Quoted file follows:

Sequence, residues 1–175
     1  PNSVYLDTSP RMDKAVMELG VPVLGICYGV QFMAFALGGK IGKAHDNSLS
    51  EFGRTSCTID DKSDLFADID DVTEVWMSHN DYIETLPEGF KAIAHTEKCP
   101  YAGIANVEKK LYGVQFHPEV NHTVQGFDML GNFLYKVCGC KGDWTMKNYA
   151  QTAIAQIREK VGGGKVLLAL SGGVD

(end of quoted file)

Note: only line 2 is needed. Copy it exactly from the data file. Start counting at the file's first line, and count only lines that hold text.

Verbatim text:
     1  PNSVYLDTSP RMDKAVMELG VPVLGICYGV QFMAFALGGK IGKAHDNSLS